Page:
Each Sebei belongs to a clan which is a patrilineal, strictly exogamous, named social entity. A clan is locally known as Aret and membership in this unit is the most important affiliation in a man’s life. Interestingly, it is the first detail that a person finds out about a stranger.
Clans have a strong spiritual hold on their members and are even seen as having some sort of genetic inheritance of traits.
Among the Sabiny, there are over two hundred clans and each clan is composed of the descendants of a single founder, and usually its name is formed by prefixing the syllable “kap” (meaning descendants of) to the founder’s name. Some, however, have names derived from mythic accounts or some habit or practice attributed to the founder.
The circumcision ceremony/rituals
Among the Sabiny, circumcision ceremonies/ “Meriket” (the ceremonial activities that mark the transition of Sebei boys and girls into adulthood), are the most important events in their community. The boys undergo the initiation between eighteen to twenty years while for the girls, it occurs when they are a couple of years younger.
The traditional background of circumcision
The Sabiny carried out female genital mutilation (FGM) and practiced circumcision for the boys. This ritual was done in an annual general celebration that brought people together from each clan, family and town.
For the girls
These people also believed that the initiation was amidst the guidance of their spirits. Apparently, the women would be attacked by a spirit the night before the ceremony. This would leave them confused and with a strong desire to be mutilated the next morning. At midnight, the elders would slaughter a cow, sing and dance.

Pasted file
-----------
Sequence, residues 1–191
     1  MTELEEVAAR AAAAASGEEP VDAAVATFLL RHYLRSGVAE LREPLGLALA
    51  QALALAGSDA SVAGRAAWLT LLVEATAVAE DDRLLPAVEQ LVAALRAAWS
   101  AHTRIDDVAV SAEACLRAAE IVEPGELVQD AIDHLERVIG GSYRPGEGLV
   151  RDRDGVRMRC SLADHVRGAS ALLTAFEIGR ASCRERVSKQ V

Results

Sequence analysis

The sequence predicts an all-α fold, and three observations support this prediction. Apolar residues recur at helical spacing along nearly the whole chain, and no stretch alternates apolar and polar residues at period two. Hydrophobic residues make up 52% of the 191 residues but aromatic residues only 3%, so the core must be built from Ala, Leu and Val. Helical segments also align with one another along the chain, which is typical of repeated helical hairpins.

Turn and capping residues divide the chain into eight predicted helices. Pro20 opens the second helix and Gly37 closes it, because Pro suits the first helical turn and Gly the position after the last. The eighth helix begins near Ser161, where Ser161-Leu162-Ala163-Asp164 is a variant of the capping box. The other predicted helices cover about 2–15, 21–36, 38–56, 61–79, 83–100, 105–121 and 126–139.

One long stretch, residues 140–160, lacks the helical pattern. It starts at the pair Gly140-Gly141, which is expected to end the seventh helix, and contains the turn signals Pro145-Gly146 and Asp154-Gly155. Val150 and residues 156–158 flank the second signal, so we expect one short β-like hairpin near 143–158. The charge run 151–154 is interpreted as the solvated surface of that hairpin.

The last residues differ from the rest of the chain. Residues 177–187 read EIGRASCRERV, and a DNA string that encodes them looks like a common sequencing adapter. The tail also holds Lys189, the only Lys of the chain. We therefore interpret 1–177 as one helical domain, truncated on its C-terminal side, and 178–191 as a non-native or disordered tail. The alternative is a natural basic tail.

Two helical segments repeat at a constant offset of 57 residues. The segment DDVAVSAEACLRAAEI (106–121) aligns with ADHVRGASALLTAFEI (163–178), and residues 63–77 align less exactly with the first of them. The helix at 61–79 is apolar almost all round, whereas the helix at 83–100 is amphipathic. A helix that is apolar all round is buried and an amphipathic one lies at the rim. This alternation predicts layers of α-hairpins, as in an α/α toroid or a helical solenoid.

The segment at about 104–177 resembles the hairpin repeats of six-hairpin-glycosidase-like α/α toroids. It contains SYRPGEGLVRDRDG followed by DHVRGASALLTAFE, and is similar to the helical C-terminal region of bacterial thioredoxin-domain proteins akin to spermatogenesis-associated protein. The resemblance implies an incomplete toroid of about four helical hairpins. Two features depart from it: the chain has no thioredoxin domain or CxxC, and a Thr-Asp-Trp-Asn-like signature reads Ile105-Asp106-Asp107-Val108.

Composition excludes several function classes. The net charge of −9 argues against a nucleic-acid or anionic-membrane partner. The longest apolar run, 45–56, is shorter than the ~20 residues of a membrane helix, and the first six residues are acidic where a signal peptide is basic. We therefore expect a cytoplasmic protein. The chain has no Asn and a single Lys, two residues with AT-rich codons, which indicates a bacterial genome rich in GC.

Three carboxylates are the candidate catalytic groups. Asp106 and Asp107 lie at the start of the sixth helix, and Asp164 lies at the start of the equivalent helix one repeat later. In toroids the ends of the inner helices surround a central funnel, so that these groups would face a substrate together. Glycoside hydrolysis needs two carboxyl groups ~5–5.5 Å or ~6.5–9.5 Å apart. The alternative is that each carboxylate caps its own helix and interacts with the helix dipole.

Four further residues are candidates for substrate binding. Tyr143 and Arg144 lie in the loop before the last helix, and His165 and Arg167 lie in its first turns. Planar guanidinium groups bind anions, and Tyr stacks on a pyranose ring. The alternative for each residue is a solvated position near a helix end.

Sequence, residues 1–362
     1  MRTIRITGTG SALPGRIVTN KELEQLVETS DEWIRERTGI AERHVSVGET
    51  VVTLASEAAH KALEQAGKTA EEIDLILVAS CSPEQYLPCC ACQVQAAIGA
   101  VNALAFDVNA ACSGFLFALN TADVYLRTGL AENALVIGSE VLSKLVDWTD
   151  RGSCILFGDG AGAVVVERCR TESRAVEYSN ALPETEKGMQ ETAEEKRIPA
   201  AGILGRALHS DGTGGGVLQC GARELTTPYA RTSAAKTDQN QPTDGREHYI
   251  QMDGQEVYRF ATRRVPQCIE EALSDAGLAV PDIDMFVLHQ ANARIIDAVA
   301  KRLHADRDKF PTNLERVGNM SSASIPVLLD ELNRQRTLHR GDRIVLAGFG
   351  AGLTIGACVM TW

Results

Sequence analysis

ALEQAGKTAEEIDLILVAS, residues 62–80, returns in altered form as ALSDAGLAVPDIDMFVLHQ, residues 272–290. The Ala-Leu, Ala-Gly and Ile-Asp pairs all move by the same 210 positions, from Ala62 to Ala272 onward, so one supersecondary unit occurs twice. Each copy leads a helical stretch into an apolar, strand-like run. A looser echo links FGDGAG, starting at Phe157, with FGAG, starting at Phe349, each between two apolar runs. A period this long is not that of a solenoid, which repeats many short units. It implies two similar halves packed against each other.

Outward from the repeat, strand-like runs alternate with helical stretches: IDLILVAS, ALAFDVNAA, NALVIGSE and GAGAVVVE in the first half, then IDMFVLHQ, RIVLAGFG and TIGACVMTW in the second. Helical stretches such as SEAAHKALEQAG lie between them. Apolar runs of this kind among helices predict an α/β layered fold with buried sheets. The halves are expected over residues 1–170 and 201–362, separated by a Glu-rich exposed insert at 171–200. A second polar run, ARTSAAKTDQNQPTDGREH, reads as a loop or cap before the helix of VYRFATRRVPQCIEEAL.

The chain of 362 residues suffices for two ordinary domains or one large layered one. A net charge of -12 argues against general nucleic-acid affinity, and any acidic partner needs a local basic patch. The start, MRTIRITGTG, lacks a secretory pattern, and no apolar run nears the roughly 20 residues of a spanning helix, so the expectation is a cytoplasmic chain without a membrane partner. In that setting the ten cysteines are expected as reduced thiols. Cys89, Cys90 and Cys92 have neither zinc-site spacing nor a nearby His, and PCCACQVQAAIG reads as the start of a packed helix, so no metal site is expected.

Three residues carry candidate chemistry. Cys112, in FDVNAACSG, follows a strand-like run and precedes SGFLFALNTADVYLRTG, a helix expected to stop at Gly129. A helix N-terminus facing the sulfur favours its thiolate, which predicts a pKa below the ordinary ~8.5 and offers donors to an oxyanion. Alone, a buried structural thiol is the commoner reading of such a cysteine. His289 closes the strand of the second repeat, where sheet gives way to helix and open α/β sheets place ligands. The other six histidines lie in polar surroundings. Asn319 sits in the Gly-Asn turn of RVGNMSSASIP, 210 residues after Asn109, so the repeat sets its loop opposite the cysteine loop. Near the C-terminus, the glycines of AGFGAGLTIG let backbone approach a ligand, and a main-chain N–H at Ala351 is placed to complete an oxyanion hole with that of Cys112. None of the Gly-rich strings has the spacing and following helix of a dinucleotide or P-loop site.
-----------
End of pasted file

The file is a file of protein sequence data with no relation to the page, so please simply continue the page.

At dawn, the women would be taken to the river side for the rituals. While there, it is believed that something would enter them and leave their private parts frozen.
During the act of mutilation, a knife was used by the trusted senior elders and yeast was poured in the girl’s private parts to ease the cutting of the clitoris. The girl had to lie down while naked for everyone to witness if she was a virgin.
If a girl cried during the ritual, her mother would stand by her with a mingling stick threatening to beat her. The father of the girl would stand beside her with a spear and would kill her if she cried. This was all due to fear of embarrassment before the clan elders.
For the boys
Boys were also witnessed during circumcision. Their foreskin would be cut off with a knife by the senior trusted elders. If a boy cried or expressed his pain during circumcision, he was considered to be a coward even after the ritual.
Among the Sabiny, mutilation of the girls and circumcision of the boys proved marriage to the parents. The girls were married off early by their parents. One of the boys who had an intention of marriage would take bride wealth to the girl’s family and then marry her. Boys who were not married would be seen as men who were not ready for responsibilities. This would bring shame to their families since the elders wouldn’t respect them.
Means of survival for the Sabiny
The Sabiny are subsistence farmers; they grow crops and rear animals for home consumption and the surplus is sold. The crops that they grow include millet, potatoes, beans, sunflower, cotton, wheat, tomatoes, cabbages, onions, simsim, passion fruits and coffee. They also have livestock such sheep, goats, cows and chicken.